10/11/2018, 18.15
INDIA
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For Christians and activists, all children have the same value, even in India

Today is International Day of the Girl Child.  Male-to-female ratio is 1,000 to 918 in India. Associations target education as the way to make girls and women independent and able to support their families. Love, charity and development projects can turn lives around.

New Delhi (AsiaNews) – Thousands of unwanted girls in India have had a second chance in life thanks to Christian and international associations that care for them and fight against infanticide and selective abortion.

One of those of girls is Jyothi, who was welcomed by a leper colony in Nalgonda (Telangana) established by PIME missionaries, and today is a famous television presenter. Another one is Lalita, who struggled to give birth to a third daughter just to see her die of malnutrition. Then there are Latha, Deepa and Jamila, daughters of a young mother who took her own life because she could not bear the burden of giving birth to three little girls, who now live with their grandmother.

For PIME regional superior Fr Rayarala Vijay Kumar, every child has “equal value, even in India. They are not a financial loss to families,” he told AsiaNews.

Today is International Day of the Girl Child. In India the traditional notion of girls as a burden on society is still prevalent among poor families.

"When a baby girl is born, people worry,” Fr Kumar said. “Parents pay for their education and their dowry to the family of the future husband. And in the end, the girls don’t even put to good use the education they received because they don’t do paid work after marriage.”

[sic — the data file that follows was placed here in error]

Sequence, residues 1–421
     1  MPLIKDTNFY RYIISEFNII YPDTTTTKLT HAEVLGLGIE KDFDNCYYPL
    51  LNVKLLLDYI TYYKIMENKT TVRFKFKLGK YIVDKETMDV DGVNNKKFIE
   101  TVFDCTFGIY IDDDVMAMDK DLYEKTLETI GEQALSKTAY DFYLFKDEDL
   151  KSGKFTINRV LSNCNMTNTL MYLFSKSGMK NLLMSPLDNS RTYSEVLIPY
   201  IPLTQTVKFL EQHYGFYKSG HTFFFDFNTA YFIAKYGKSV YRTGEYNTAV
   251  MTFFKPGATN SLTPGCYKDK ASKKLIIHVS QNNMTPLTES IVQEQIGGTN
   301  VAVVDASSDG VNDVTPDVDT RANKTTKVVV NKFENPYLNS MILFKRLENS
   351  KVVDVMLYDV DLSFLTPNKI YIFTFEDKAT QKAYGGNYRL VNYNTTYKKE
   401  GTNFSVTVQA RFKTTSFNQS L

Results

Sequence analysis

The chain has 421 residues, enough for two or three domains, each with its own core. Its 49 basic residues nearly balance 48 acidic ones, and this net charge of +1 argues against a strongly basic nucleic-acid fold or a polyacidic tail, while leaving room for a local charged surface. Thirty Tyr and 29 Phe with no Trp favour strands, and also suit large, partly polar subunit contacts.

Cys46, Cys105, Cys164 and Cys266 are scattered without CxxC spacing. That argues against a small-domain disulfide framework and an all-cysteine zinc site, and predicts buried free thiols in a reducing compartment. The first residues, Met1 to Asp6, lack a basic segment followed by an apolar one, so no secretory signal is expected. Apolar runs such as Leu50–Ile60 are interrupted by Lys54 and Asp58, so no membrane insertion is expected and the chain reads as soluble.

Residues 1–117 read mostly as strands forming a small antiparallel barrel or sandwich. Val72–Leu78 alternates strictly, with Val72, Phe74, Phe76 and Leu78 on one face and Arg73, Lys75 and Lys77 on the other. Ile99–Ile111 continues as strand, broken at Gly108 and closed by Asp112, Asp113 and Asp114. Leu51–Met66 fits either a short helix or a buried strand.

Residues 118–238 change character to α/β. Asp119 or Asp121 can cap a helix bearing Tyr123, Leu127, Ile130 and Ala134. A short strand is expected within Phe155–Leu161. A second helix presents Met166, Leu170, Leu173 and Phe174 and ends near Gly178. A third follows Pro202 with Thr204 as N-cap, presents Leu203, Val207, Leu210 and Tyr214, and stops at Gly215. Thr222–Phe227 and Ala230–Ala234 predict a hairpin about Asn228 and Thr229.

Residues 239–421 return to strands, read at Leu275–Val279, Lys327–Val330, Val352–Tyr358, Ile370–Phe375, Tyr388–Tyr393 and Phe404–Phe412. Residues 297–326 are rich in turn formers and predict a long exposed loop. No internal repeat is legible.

In recent years, the country has produced 21 million "unwanted" girls as families try to have boys. About 63 million were never born because of selective abortions. Although banned, the practice still takes place. As a result, according to the 2011 census, the male-to-female ratio was 1,000 to 918.

To counter gender discrimination, PIME has set up a programme of distance adoptions in India. Centred in Andhra Pradesh, it sponsors the education of about 7,000, both boys and girls, via 13 projects.

"The goal,” according to Fr Kumar, “is to have them study, providing them with an education up to Grade 10. This way they can start to work and become financially independent. As adults, they will be able to support their family.”

Invisible Girl Project is another association that helps unwanted girls and mothers abandoned by their husbands. The NGO was established in North Carolina in 2009 and co-operates with six Indian partners.

President Jill McElya reports that in 2018 "social workers saved 132 vulnerable girls at risk of death or trafficking”.

In all, the organisation helped 823 girls through various development projects. One of these is the "Donate a cow" fundraiser.

"Although cows are sacred in India, they can be milked and the milk sold,” she said. “The animal can cost up to US$ 1,000: we donate it to families, so that they can use the proceeds from the sale of milk to pay for the school.”

One of the families that received financial this way is that of Latha, Deepa and Jamila (not their real names). "Theirs is a harrowing story," said McElya.

“Their mother Prena was forced to have children in order to get the much-desired male. After the birth of a third daughter, she came under extreme pressure; in despair, she set herself on fire. Her daughters now live with their grandmother Padma, who can support them thanks to the cow donated by the NGO.”

A third development project is "#VanishingGirls", by a Christian NGO, Alliance Defending Freedom India (ADF India). Since its started two years ago, it has helped 15,000 people.

The association promotes reconciliation in families to prevent husbands from abandoning their wives. For project coordinator, Anushree Bernard, all children are precious. We must eliminate foeticide through education.

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